The city's 53 dried bonito manufacturers produce about 12,000 tons of the product a year, about 40 percent of the national total and the highest in Japan.
According to Kyo Nishimura, 59, the head of Makurazaki Marine Products Processing Industries Cooperative, there are many kinds of dried bonito, each with its own distinctive taste.
"The highest quality is honkarebushi [fermented dried bonito]. It has the appropriate amount of fat and brings an elegant flavor to soup stock," Nishimura said.
At Maruni Foods, K.K., one of the city's dried food makers, bonito are unloaded at Makurazaki Port. Many had been caught on the high seas and frozen on fishing boats.
Bonito for honkarebushi usually weigh five kilograms to nine kilograms (about 15 pounds). First, the fish is filleted, and then the belly and back are separated and boiled on wire racks in a large pot for about two hours.
"We calculate how long the fish is boiled and the strength of the fire based on its size and fat content," said Yasutaka Todoko, 73, president of Maruni Foods.
Once the racks are lifted from the pot, employees remove the bones and mold the fish into smooth shape. The boiled bonito are then smoked for about 20 days, with workers rotating the fish to ensure each side is smoked evenly.
Afterward, the blackened parts are removed and the surface is coated with mold before the fish is left to dry in the sun. The mold helps remove moisture from the bonito and condense its umami flavor. The same process is repeated at least twice before the fish is ready for sale.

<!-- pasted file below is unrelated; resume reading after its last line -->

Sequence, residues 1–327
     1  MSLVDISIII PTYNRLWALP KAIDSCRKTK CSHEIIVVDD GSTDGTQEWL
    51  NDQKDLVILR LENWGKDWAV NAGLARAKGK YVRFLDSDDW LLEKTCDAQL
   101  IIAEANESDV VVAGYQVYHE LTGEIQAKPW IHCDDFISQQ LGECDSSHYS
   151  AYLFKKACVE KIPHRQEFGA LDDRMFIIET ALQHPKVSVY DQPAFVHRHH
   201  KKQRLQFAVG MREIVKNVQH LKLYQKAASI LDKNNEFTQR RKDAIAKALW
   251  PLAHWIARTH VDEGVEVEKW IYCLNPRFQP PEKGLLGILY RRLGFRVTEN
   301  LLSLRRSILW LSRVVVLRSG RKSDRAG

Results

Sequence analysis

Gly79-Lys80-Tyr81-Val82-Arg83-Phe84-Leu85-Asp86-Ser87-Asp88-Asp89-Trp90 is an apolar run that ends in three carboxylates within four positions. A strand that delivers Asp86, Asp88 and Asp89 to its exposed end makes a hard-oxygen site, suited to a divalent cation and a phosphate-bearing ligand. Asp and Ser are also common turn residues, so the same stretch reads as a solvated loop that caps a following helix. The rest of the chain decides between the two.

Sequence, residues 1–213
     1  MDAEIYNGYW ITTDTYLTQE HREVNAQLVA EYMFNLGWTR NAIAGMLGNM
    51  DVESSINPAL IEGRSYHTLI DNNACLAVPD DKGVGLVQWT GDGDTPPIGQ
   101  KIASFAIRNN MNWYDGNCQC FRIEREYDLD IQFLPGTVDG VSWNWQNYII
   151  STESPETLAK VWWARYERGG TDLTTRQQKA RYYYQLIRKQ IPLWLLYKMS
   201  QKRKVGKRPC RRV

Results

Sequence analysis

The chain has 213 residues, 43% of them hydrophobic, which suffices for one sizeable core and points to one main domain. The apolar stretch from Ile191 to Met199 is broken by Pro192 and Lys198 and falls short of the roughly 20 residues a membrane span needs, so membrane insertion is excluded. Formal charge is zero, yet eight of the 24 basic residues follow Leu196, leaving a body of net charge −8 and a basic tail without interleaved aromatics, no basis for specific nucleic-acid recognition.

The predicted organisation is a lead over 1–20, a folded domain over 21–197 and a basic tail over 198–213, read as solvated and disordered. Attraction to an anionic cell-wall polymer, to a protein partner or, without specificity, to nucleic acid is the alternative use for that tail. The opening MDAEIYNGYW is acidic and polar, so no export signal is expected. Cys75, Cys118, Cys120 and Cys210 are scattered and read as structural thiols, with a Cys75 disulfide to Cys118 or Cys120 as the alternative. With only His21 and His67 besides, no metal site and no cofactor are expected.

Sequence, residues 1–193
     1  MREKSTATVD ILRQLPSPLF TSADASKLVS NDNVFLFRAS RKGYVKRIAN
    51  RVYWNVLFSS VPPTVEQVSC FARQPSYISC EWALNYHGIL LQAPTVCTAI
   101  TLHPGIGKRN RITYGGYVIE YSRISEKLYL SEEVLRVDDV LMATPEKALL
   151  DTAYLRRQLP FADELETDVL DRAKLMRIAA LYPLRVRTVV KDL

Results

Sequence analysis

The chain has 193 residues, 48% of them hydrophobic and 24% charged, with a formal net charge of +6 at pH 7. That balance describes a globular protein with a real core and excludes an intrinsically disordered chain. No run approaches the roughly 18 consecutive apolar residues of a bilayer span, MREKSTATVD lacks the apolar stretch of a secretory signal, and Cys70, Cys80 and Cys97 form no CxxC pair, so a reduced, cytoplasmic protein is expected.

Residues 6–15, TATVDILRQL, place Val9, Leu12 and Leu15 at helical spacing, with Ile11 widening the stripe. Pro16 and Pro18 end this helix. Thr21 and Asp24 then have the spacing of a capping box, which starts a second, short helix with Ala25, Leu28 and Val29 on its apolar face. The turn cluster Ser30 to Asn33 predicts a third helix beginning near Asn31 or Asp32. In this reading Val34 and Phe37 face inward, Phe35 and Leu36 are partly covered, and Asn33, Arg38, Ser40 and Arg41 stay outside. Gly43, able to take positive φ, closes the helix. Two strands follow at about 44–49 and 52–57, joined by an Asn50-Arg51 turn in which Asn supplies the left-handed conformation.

"It takes more than six months to make a high-quality product," Todoko said.
The final product weighs about one-sixth of the original fish, and is a brilliant ruby red color when cut in two.
Locals often enjoy dried bonito as chabushi, a portmanteau of cha (Japanese tea) and bushi (katsu o bushi).
To try it yourself, make flakes using a bonito shaver and put them into a cup. Add a teaspoon of mugimiso (barley miso) and hot water or bancha coarse green tea. The soup is even more delicious if you add black sugar or chopped green onions.
After drinking the soup, I could feel the umami flavor of the dried bonito gradually take effect, raising my spirits.
Todoko referred to the soup as a "Satsu ma energy drink," using the old name for the area around current-day Kagoshima Prefecture.
Of all the dried bonito produced in Makurazaki, honkarebushi accounts for only 2 percent. About 60 percent is made into arabushi, which skips the use of mold in the production process.
In Makurazaki, shin-satsumabushi, a sort of arabushi that is sun-dried for a shorter period of time, is popular.
Comparing chabushi made with these different types, honkarebushi has a clear taste that lingers, while shin-satsuma bushi has a strong flavor of fish. The latter would pair well with Japanese pickles or rice.
Dried bonito combines wisdom and technique in preserving the fish's umami flavor. However, the soaring cost of the fish poses a tough challenge for the industry.